By - Jim Vess

Duke Energy Indiana looks to close 4,100 MW of coal-fired plants, adding natural gas and solar

Energize Weekly, July 3, 2019

Duke Energy Indiana has proposed 20-year plan under which it move up the retirement of more than 4,100 megawatts (MW) of coal-fired plants and make major investments in natural gas-fired and renewable generation.

Duke laid out its “roadmap” in its integrated resource plan filed with Indiana regulators June 20. It immediately drew criticism from environmental groups for dragging out the coal-plant closure and still relying heavily on burning natural gas.

“It’s as if Duke Energy Indiana lives on another planet – but here on Earth, climate change is impacting our communities,” the Sierra Club said in a statement.

The two units of the Cayuga Station Vermillion County, with a total of 995 MW, would close in 2028, seven to 10 years earlier than previously planned. Two units at the 280-MW Gallagher Station will shut down in 2020 as previously planned.

Closure of the Noblesville 300-MW combined-cycle natural gas plant would be moved up four years to 2034.

Duke said it will replace the Cayuga generation with a 1,240-MW combined-cycle natural gas plant, according to company overview of the plan. The company also projects adding 700 MW of wind power, 1,650 MW of solar generation and another 1,240 MW of natural gas.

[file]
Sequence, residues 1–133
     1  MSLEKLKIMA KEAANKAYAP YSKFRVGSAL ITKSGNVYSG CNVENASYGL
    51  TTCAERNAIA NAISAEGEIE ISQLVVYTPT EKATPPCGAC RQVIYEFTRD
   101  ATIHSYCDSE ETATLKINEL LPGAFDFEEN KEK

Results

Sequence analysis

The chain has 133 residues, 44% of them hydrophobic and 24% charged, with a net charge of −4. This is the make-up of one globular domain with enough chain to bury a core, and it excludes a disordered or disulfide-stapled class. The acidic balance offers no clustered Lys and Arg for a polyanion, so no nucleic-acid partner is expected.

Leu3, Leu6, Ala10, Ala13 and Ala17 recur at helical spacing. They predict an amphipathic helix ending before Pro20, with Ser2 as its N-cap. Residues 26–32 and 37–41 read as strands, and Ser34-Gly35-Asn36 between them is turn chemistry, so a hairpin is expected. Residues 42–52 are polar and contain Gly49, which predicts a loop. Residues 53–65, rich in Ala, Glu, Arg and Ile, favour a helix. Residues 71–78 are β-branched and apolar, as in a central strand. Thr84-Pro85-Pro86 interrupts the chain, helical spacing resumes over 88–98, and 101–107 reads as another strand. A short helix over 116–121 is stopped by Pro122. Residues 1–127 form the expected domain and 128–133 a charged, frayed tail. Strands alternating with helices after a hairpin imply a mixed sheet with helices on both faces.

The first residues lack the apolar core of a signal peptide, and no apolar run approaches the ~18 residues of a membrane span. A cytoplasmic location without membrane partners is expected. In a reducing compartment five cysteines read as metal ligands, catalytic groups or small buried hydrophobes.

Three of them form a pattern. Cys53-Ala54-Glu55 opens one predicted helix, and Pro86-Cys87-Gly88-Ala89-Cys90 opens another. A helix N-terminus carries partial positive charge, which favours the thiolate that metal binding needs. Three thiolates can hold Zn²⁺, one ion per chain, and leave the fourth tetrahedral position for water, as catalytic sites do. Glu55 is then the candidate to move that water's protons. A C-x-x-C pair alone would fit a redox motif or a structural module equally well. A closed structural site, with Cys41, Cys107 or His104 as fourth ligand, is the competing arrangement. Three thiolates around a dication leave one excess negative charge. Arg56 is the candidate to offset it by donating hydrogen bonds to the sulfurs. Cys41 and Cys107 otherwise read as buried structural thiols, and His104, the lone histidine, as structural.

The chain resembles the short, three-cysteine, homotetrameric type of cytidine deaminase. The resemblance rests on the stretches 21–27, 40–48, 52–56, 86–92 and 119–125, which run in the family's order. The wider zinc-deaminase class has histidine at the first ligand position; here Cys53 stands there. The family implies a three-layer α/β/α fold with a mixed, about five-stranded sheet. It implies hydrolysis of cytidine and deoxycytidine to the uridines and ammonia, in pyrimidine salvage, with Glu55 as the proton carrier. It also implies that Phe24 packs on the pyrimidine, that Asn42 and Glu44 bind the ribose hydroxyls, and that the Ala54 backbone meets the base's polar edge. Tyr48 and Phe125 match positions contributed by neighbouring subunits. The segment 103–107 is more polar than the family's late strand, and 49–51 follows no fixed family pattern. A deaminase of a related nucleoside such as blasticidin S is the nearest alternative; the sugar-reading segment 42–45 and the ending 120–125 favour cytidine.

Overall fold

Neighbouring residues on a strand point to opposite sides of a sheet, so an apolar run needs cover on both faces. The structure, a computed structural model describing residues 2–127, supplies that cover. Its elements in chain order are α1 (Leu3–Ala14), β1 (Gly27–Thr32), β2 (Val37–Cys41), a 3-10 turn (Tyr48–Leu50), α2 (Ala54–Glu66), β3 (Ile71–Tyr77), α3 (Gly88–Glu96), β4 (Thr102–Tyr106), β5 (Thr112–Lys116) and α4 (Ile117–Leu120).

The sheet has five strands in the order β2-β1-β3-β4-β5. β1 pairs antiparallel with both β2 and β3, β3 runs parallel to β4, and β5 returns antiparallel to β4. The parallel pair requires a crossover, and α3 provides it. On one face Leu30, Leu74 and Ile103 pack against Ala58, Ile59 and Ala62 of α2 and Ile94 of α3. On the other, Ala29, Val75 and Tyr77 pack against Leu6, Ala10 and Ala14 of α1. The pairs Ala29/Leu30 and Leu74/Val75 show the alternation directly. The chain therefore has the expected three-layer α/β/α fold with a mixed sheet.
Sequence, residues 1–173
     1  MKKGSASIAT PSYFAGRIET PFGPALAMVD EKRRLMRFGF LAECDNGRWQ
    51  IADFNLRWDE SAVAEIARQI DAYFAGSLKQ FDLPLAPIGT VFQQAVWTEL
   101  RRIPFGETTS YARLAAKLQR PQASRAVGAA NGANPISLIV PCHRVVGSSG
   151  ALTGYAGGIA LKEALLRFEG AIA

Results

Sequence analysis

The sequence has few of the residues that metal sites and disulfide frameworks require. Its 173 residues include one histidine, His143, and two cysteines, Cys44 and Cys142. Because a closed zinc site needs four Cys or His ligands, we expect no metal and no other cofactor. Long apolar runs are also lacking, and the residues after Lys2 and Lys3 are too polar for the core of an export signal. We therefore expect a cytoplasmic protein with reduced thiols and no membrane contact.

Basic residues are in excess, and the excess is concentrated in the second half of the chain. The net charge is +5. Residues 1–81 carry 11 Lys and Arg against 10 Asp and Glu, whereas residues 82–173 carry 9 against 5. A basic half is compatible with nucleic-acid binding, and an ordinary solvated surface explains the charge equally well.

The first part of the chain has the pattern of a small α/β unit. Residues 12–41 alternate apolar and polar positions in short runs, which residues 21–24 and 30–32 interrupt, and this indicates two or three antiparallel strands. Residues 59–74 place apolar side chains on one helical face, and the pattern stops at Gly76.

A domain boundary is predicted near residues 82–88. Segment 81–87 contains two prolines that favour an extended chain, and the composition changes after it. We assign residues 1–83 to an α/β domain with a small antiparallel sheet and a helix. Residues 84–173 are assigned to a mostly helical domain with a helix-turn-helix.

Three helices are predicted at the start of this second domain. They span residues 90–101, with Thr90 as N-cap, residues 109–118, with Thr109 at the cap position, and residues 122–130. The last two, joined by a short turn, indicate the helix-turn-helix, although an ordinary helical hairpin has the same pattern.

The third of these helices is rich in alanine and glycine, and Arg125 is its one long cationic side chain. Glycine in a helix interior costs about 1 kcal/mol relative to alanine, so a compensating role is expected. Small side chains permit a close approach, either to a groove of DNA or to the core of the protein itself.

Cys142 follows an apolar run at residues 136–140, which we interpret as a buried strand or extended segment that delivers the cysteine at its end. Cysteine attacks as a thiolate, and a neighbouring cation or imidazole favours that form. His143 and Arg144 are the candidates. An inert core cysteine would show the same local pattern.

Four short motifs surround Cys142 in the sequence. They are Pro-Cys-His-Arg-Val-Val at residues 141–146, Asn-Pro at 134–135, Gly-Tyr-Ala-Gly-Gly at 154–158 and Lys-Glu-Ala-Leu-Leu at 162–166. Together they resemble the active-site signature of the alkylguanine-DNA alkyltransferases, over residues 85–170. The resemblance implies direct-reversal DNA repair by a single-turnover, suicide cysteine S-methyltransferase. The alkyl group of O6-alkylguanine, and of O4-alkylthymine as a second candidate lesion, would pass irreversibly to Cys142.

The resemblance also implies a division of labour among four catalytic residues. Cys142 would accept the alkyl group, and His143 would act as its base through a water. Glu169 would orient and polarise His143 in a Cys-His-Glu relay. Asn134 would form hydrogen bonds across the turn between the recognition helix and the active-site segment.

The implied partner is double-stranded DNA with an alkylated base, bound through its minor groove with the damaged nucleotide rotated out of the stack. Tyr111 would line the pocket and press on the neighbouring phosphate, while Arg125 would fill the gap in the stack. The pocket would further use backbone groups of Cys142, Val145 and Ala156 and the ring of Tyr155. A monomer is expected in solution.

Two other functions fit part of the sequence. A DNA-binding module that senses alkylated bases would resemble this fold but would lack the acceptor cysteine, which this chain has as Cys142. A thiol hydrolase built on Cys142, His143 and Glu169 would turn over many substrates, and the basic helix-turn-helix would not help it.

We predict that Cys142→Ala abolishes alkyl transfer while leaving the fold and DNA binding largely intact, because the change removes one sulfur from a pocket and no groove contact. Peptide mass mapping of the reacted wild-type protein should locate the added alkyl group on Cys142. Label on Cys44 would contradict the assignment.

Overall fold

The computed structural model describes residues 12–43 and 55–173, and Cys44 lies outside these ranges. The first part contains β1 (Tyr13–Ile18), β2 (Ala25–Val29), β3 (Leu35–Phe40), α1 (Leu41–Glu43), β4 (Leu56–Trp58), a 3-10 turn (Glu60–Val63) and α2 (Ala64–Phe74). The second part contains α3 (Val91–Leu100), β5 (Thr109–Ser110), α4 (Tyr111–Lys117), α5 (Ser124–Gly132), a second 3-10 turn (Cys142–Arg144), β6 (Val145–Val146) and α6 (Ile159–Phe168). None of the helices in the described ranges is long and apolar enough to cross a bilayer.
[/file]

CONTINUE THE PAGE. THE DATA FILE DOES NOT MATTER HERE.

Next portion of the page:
A significant number of the coal plant shutdowns, even with new closure dates, will wait for as long as 19 years.

At the massive, 3,132-MW Gibson Station, the 622-MW Unit 4 would close in 2026, seven years ahead of earlier plans, and another 1,250 MW would close in 2034, but 1,260 MW of capacity will not be closed until 2038 – just two years earlier than previously planned.

Since 2005, Duke has decreased its carbon dioxide emissions by 20 percent, its sulfur dioxide emissions by 95 percent and nitrogen oxide emissions by 63 percent, the company said.

“Duke is proposing small amounts of solar and wind, very little efficiency, and no energy storage. Sierra Club calls on Duke to reconsider this plan and propose an actual transition to clean energy,” the group said.

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